Why M&T Bank?
In my view, any bank analysis should focus on one question -- how greedy is the management team? Banking is a business where growth is relatively easy to achieve. Offer higher deposit rates, or better loan terms, and you'll get growth. Better bankers understand that franchise value is built over decades, cultivating relationships in the communities you serve. This creates at least some stickiness in your deposit base, though I won't delude myself into thinking that customers won't switch if they get an offer that exceeds the inconvenience of making a change (and mobile banking lowered that cost). A banking franchise can lose its value in a matter of months, if they poorly manage the risks on their balance sheet in pursuit of slightly higher yields. SIVB had this problem and collapsed. Others, including FRC (and even SCHW to some degree) have similar problems because of asset decisions made in 2020 and 2021.
Rene' Jones, MTB's CEO, said this in the latest shareholder letter:
"As 2022 began, M&T and our peers were still dealing with the impact of the government stimulus, and bank balance sheets were flush with large cash balances with limited options to invest. Loan demand was tepid and yields on investment securities were at historically low levels. As noted last year, we chose to be patient in investing the cash until rates offered a better return and there was less risk to our shareholders’ equity. As yields on investment securities and loans rose to levels meaningfully above those available in 2021, we reduced our interest-bearing cash balance by 40 percent to just under $25 billion at the end of last year, funding loan growth and purchasing investment securities. The timing of these actions allowed us to benefit from rising rates over the course of the year, simultaneously reducing the potential negative impacts of future rate declines."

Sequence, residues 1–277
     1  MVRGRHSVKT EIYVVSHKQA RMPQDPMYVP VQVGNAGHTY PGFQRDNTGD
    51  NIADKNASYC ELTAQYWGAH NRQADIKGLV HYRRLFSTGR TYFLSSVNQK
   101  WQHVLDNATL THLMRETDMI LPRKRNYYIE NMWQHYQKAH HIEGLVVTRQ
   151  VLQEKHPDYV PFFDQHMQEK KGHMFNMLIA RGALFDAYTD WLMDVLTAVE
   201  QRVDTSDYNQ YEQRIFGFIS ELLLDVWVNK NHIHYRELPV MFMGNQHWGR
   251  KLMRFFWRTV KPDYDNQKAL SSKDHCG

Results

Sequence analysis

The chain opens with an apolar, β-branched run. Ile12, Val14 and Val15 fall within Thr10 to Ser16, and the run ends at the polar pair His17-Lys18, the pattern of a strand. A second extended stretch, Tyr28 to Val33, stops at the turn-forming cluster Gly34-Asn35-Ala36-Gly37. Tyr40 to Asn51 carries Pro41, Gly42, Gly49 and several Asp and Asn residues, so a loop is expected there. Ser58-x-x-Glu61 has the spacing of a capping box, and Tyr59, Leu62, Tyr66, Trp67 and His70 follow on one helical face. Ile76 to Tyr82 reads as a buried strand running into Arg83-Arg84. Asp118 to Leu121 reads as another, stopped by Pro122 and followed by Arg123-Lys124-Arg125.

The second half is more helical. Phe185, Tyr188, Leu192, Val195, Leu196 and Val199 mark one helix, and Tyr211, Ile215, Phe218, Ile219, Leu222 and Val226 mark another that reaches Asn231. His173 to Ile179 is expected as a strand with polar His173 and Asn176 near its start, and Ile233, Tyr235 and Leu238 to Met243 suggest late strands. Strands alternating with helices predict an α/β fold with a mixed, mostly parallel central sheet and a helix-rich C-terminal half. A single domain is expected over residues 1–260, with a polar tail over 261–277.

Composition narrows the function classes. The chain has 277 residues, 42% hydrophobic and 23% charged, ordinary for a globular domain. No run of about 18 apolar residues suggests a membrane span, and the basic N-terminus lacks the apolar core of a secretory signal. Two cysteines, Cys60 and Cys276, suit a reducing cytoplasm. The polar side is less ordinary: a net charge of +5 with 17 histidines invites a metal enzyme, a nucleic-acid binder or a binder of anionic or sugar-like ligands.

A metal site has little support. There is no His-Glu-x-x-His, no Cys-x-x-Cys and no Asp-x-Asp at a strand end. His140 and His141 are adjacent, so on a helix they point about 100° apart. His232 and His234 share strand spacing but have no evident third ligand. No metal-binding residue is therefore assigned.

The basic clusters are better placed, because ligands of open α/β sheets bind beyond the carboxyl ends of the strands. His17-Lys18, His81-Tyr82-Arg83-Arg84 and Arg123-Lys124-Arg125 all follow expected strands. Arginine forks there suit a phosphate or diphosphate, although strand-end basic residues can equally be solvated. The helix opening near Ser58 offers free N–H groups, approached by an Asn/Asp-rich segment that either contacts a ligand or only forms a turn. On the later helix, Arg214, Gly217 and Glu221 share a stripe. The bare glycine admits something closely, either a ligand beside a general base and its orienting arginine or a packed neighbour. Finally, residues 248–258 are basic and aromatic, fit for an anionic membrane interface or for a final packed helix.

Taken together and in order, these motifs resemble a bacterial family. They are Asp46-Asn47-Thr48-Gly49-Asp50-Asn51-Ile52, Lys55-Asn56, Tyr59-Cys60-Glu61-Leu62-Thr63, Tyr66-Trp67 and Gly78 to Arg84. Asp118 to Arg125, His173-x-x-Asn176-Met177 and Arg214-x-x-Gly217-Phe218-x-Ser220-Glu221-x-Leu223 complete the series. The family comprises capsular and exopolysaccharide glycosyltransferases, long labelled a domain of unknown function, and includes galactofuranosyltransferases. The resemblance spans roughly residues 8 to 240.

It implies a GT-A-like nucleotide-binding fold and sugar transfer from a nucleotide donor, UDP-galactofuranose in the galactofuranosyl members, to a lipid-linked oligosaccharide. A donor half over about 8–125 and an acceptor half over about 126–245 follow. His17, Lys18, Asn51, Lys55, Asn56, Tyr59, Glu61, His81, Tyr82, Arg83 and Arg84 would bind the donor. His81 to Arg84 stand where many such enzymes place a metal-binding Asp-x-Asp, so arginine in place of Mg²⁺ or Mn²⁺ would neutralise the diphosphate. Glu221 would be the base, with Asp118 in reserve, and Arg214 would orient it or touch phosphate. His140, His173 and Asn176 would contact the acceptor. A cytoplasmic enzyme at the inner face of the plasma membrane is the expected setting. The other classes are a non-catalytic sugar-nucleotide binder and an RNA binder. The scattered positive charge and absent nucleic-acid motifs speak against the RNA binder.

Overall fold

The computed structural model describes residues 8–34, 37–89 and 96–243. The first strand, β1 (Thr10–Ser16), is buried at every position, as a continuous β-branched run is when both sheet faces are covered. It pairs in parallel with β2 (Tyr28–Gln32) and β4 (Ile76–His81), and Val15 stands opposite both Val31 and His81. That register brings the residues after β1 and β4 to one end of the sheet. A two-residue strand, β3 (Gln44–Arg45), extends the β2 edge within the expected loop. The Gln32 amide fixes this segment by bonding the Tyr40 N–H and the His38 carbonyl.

With MTB, we have a $200B asset bank operated by a conservative management team in markets (the northeast, though primarily outside NYC) where the pace of change is a little slower. That does not make them immune to dumb ideas, but it greatly reduces the risk for shareholders. MTB has a culture of conservatism in banking, started by Bob Wilmers and now Rene' Jones. To me, this is critical. If I wasn't sure about the culture of MTB, I wouldn't be interested in this idea.
My view on MTB's conservatism does not mean there are no risks. There certainly are risks, and some risks may prevent investors from buying shares at this price (or any price). MTB has plenty of CRE loans, some of which are secured by properties in NYC. We can all read the headlines about office valuations in NYC. It isn't pretty. I suspect we're going to have writedowns on many of these loans. I do not think it is catastrophic.